Deutsche Bank signs $7.2 billion deal with U.S. over risky mortgages
Deutsche Bank (DBKGn.DE) (DB.N) finalized a $7.2 billion settlement with the U.S. Department of Justice over its sale of toxic mortgage securities in the run-up to the 2008 financial crisis, the government agency said on Tuesday.
Deutsche's agreement represents the largest resolution for the conduct of a single entity in misleading investors in residential mortgage-backed securities, the department said in a statement. The settlement was higher than the $7 billion paid by Citigroup to federal and state authorities in 2014.
"Deutsche Bank did not merely mislead investors: it contributed directly to an international financial crisis," Attorney General Loretta Lynch said in the statement.
John Cryan, Deutsche's chief executive, said that the bank's conduct between 2005 and 2007 fell short of standards and was "unacceptable." He said the bank had exited many of the underlying activities and improved standards.
Deutsche Bank ADR-listed shares closed down 3.2 percent to $18.56 on the New York Stock Exchange.
The Frankfurt-based bank announced it had reached the agreement in principle with U.S. authorities on Dec. 23.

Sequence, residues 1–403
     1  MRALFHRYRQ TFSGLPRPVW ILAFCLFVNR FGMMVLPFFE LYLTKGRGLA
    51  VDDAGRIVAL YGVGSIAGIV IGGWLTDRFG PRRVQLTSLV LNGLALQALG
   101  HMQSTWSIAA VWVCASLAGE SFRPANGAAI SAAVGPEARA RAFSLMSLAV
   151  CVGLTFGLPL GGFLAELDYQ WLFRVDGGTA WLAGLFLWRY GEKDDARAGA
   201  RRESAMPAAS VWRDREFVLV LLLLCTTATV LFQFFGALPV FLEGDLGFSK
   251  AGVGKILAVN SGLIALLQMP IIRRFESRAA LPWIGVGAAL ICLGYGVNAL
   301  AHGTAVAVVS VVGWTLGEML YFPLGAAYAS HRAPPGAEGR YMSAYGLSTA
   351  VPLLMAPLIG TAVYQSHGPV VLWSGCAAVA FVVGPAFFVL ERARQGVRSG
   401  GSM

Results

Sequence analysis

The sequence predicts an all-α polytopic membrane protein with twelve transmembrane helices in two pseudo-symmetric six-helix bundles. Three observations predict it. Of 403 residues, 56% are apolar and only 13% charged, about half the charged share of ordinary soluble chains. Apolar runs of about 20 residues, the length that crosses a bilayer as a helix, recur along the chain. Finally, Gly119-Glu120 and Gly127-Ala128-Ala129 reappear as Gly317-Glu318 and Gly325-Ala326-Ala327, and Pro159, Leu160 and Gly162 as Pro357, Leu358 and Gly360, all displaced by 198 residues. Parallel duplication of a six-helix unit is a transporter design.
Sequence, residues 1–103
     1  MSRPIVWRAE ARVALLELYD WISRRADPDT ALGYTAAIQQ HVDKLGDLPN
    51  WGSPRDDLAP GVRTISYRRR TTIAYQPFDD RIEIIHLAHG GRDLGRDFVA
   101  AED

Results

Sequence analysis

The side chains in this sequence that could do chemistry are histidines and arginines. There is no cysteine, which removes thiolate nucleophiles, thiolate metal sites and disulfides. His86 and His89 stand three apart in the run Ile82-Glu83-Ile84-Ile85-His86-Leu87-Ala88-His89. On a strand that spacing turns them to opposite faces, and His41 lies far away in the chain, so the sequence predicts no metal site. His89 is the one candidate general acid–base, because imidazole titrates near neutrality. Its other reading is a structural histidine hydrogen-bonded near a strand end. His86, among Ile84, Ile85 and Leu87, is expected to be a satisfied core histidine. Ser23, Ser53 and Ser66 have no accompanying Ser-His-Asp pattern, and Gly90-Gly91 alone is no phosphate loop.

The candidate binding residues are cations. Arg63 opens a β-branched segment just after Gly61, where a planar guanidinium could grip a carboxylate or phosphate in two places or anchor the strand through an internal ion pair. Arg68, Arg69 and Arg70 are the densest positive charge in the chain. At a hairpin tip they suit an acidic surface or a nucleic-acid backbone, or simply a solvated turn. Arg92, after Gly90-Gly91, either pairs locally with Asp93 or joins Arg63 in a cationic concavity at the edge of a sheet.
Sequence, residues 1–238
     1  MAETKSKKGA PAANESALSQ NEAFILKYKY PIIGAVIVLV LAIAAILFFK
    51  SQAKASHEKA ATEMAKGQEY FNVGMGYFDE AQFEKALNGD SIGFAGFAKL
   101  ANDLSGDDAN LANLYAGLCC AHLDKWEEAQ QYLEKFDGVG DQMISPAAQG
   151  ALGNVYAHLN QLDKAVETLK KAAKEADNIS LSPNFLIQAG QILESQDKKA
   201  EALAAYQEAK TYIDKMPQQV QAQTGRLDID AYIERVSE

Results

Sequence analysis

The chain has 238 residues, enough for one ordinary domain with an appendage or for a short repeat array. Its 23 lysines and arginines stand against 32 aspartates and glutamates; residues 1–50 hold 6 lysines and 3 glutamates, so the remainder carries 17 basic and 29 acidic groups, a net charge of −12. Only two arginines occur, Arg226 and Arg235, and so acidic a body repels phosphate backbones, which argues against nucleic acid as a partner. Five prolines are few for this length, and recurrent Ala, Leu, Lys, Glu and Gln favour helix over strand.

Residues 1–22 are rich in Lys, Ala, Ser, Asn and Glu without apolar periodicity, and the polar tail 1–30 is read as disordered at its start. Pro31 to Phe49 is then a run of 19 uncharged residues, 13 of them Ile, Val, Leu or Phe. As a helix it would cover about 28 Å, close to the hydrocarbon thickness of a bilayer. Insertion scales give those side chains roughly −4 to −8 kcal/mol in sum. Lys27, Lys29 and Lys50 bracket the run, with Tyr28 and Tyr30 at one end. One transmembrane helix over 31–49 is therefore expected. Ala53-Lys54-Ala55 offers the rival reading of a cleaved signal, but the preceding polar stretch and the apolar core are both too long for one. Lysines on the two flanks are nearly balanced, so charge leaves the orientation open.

Its stock price hit a record low in September after the bank acknowledged the Justice Department made an opening demand of $14 billion.
The Justice Department reached $46 billion in settlements with U.S. banks over the shoddy securities that contributed to the U.S. housing market collapse and financial crisis before turning to Deutsche and other European banks.
Other banks paid more than Deutsche, but their settlements also included wrongdoing by institutions they acquired during the crisis. Bank of America Corp (BAC.N), for instance, agreed to pay $16.7 billion, which also covered Merrill Lynch and Countrywide Financial. JPMorgan Chase & Co (JPM.N) settled for $13 billion, including misconduct by Washington Mutual and Bear Stearns.
As part of its deal, Deutsche Bank will pay a civil monetary penalty of $3.1 billion and provide $4.1 billion in consumer relief to homeowners, borrowers and communities harmed by its practices.- (Reuters)
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